Psychedelic drugs, between legalization and criminalization.

A few days ago, Oregon officially decriminalized all drugs and legalized magic mushrooms. It is interesting to see how in the world there are places such as Oregon, where the approach to drugs is completely different compared to that taken in Italy or even The Netherlands.

“I have seen the phases of Italian prohibitions, and the legalization of magic mushrooms in Oregon only makes me happy. In The Netherlands, people often think that truffles are legal, but it is not true. There is a mechanism of tolerance. In Italy, the concept of tolerance at the legal level does not exist. It is the area between the prosecution and the crime, on which the phenomenon of magic truffles and coffee shop has been created.” This is how Giorgio explains the status of psychoactive substances in the Netherlands. It is incredible how Italy is not even open to discuss this kind of legal framework.

Samorini at a convention in Amsterdam in 1994, with him there are also Albert Hofmann and Alexander Shulgin

“Italy is always in late, the main reason for this is to be found in the strong presence on the church,” Giorgio says. “During my research for my last book, I had to dig through a lot of documents from former psychiatric hospitals, and I found out that in the 1950s and 1960s, Italy was surprisingly advanced in psychedelic researches. Italy had the lead regarding research with psilocybin. It was also the first country to give 500 micrograms of LSD to a patient, something that was unthinkable at the time, but it looks like everyone forgot about it.”

Samorini newest book focuses a lot on this topic, as he travels through the basements of old psychiatric hospitals from the north to the south of Italy looking for answers.

Is it right to call them drugs?

For those who grew up in Italy, there is the habit to label all illegal substances as ‘drugs’. Even more particular is the use of the term “drug addict”, used frequently by politicians and in the media, to talk about anyone, from someone that smokes the occasional joint to people that inject heroin every day. But is it right to call psychedelics drugs?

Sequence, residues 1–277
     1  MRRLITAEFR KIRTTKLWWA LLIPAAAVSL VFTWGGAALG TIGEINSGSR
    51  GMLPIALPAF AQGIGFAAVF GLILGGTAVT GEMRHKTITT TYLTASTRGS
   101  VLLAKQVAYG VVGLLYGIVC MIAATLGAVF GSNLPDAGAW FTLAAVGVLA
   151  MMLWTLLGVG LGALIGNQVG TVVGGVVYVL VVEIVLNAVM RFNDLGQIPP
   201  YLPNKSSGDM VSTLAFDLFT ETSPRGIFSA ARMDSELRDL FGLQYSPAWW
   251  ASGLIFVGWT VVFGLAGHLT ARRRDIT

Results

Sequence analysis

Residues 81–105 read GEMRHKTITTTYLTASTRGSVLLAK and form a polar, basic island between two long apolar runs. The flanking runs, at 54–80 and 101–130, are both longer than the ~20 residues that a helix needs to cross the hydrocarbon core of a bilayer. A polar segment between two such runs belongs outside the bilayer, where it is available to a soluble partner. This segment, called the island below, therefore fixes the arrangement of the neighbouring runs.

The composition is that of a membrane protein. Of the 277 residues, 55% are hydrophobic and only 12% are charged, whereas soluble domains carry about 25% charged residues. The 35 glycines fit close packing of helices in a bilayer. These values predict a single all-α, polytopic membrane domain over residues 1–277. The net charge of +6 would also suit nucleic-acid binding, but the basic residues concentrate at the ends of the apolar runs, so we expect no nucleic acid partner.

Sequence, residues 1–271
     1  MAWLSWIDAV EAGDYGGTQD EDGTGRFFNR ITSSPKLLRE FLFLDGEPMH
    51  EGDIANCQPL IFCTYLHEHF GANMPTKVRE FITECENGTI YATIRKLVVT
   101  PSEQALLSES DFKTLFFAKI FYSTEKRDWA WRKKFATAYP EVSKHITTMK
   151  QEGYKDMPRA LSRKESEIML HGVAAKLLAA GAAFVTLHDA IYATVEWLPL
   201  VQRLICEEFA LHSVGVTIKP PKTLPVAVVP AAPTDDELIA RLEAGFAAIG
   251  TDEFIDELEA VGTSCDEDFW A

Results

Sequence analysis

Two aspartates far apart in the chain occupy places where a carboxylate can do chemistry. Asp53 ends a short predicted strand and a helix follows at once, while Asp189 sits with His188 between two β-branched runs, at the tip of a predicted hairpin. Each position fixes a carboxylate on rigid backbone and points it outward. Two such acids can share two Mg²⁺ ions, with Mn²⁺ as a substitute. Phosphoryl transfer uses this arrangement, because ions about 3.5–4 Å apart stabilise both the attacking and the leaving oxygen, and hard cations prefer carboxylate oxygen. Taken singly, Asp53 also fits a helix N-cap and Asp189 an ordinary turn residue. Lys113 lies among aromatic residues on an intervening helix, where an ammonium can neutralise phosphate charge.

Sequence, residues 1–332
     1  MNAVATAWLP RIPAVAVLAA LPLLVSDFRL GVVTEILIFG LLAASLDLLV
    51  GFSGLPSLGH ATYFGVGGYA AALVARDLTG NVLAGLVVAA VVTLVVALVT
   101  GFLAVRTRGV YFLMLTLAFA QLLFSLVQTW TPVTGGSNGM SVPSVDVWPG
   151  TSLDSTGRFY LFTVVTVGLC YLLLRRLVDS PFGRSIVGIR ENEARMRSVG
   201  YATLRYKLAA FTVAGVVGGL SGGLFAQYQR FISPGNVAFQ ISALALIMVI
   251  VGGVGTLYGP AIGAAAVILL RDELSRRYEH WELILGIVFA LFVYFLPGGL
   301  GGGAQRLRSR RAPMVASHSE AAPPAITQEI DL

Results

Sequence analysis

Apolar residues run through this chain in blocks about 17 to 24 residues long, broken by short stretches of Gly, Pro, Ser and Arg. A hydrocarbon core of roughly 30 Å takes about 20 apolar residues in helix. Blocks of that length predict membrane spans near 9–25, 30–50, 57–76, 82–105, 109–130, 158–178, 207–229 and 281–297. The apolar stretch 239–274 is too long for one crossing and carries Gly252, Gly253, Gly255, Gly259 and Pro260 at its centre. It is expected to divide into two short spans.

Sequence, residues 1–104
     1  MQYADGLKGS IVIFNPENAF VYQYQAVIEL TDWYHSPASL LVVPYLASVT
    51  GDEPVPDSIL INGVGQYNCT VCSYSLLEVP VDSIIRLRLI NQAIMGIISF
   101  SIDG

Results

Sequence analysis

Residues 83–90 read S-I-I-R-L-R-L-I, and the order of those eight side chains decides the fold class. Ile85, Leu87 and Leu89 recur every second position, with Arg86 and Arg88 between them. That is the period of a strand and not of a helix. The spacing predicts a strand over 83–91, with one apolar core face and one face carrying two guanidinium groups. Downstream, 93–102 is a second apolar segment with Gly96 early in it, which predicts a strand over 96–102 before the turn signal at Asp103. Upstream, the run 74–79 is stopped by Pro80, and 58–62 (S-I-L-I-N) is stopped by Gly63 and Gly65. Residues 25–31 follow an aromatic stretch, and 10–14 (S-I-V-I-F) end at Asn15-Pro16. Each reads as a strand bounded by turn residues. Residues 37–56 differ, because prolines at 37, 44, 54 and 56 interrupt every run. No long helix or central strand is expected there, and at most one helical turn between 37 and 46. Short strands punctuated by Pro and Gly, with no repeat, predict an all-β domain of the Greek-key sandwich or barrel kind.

According to Giorgio, “[t]he concept of  ‘drug’ is dependent on the culture. In the Amazon,  shamans don’t consider Ayahuasca a drug. For them, drugs are others: alcohol, nicotine, things that Western people brought. Ayahuasca (a powerful psychedelic found in Latin America), belongs to the category of ‘food for the soul’. It is considered like a proper food, but it does not feed the stomach, it feeds the spirit.”

Samorini in Iceland holding psychedelic mushrooms (Psilocybe semilanceata)

This is is a very different perspective from the Western one, where all psychoactive substances are seen as “drugs” and therefore dangerous.

From the point of view of modern medicine, truffles are a drug. But so are sugar and antidepressants. Psychedelics have substantial differences compared to all other drugs, Samorini explains. You could define them as “non-drugs”. “For this reason, they are used to stop addictions from other drugs. In my psychoactive plant’s archive, I have around 1,200 plants and less than 1% of them create addictions. Some substances do make you dependent on them, like alcohol and nicotine, but this is the main difference with psychedelics. They act on the principle of tolerance, the first day you do them, they are strong. If you do them for many days in a row, they won’t work anymore; it is simply impossible to be addicted to them.”